October 30, 2004

Response to John Henry: Tech vs. Humanity

I just posted this comment concerning John Henry: Steel Driving Man on Linda's blog:

I think that the "necessary evils" you mention are not evil at all and that humanity is reaching a potential, through technology, far greater than our physical capabilities.

Can you compute calculus equations in seconds? Can you lift a building and transport it to someplace else? No--at least I can't.

While people are still trying to find a place amid all of the technology that is reigning in our time and society is changing because of these advancements, people are the same, just expressing themselves in a different way.

While we do have the things that maybe shouldn't be computerized (i.e. your checkout and gas up experiences) human physical capabilities are sometimes just not enough--that is why our reason--our minds are equipped with ideas that provide these advancements, which in most cases, do improve our standards of living. I mean, who really wants an outdoor toilet, or only communicate with friends once a month as the letter crosses the mountains? Not me. If those are my choices, give me the impersonal checkout any day.

The last little note about checkouts was from past experience. No one should have to be a cashier.

Anyway, about John Henry. While Henry does have the whole wonderful human spirit thing going on, I think he is missing the entire point. Technology is a gift of our minds. Reason is our defense mechanism in the absence of claws, fangs, or poisonous darts (idea from Aristotle). As he goes driving away with his hammer, he is looking stupider with each stroke. I am probably going to offend some with that statement, the whole union mentality, but we should seize technology and remember that something has to make it work--humans.

Something missing in humanity? I don't think so. As for all the hoopla about people not communicating in-person as much anymore, I say I would rather communicate less in person to a smaller group, than not communicate at all with friends and family far, far away.

That was for you, Grandma. :-D


Posted by Amanda Cochran at October 30, 2004 11:40 AM
Comments

Amanda, I think you'll find this interesting.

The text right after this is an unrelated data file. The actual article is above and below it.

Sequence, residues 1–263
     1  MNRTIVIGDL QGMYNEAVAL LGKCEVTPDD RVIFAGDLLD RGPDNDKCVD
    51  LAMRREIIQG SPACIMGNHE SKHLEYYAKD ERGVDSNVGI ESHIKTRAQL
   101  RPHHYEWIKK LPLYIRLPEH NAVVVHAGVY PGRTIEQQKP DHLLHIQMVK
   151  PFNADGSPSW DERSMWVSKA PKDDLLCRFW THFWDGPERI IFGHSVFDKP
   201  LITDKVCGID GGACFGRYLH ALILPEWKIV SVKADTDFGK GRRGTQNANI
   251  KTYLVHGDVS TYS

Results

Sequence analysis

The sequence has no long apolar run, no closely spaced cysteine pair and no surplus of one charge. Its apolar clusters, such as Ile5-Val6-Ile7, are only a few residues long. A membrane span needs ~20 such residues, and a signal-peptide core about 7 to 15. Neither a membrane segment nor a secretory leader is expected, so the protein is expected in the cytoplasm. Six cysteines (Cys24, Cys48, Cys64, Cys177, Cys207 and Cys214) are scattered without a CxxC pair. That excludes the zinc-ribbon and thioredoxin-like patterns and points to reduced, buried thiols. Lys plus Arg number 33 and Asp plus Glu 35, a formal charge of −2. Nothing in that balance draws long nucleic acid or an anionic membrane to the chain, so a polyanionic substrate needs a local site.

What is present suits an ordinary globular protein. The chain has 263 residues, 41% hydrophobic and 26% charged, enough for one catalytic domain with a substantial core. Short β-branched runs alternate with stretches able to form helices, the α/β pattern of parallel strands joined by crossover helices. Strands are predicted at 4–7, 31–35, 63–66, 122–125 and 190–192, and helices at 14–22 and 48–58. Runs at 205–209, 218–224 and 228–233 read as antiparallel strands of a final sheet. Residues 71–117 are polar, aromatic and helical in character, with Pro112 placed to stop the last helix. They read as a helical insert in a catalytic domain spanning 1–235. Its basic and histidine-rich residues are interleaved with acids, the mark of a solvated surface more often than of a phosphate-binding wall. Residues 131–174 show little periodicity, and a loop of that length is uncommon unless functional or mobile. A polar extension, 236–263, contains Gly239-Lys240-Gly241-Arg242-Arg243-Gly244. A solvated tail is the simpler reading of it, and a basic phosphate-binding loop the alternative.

http://www.steveersinghaus.com/contributions/mcconnell.htm

Posted by: Neha at October 30, 2004 4:05 PM

Well, first off, I was in a light-hearted, slightly cantankerous mood when I wrote that...certainly all technology is not "evil", it's more of an expression. I remember the days of writing letters, sending then with a stamp to good friends and there was a real tangible sweetness in our carefully wrought handwritten exchanges. We awaited them with such anticipation! I am part of a generation that didn't grow up with cell phones and email. While I do avail myself of this technology and it is convenient, I can't help but feel nostalgic for a slower pace.(or maybe I'm just getting old) Part of that is also my quieter, contemplative personality. I respect that you love the fast paced life! That's great, you're going to achieve great things. (And please keep in mind, I often speak with tongue firmly in cheek!) Linda

Posted by: Linda Fondrk at October 30, 2004 6:54 PM

Thanks Amanda. ope to have a face to face talk soon.

Posted by: grammy at October 30, 2004 7:05 PM

Your welcome Grandma. :-D

And Linda, sometimes, I too feel like life would be better if we all just would "cool out", but I have to say that I like our fast-paced world. I guess it is a matter of personal preference. I hope your "slightly cantankerous mood" has improved. :-) Keep up your great blogging!

Posted by: Amanda at October 31, 2004 9:29 AM

What about less and in-person AND frequently via the internet??? Sounds like a plan to me :) A familiar plan, come to think of it... ;)

Posted by: Karissa at November 1, 2004 4:00 PM

Amanda,

I believe that technology is a gift for society, because it is making it easier for human labor. However, isn't it rewarding for John Henry to beat against a machine? He demonstrated how manpower overtook technology. You can still live, if you didn't have any fancy equipment. All it takes is hard work, and anyone can be on top.

-Nabila :)

Posted by: NabilaUddin at November 1, 2004 5:24 PM

As Lori quoted in class, Nabila, human power did not win in this case, the steam drill still took the place of the African-American workers.

This story is not about survival in the purest sense you note; it is man vs. machine, and in this case, the machines can win, and man can win in the long run.

Yes, technology is a gift, but it is all in how you use that gift, rather than thwart that gift as John Henry attempts to do.

Posted by: Amanda at November 1, 2004 6:44 PM

Thanks Neha. Frankenstein is one of my favorite novels.

Posted by: Amanda at November 1, 2004 10:27 PM
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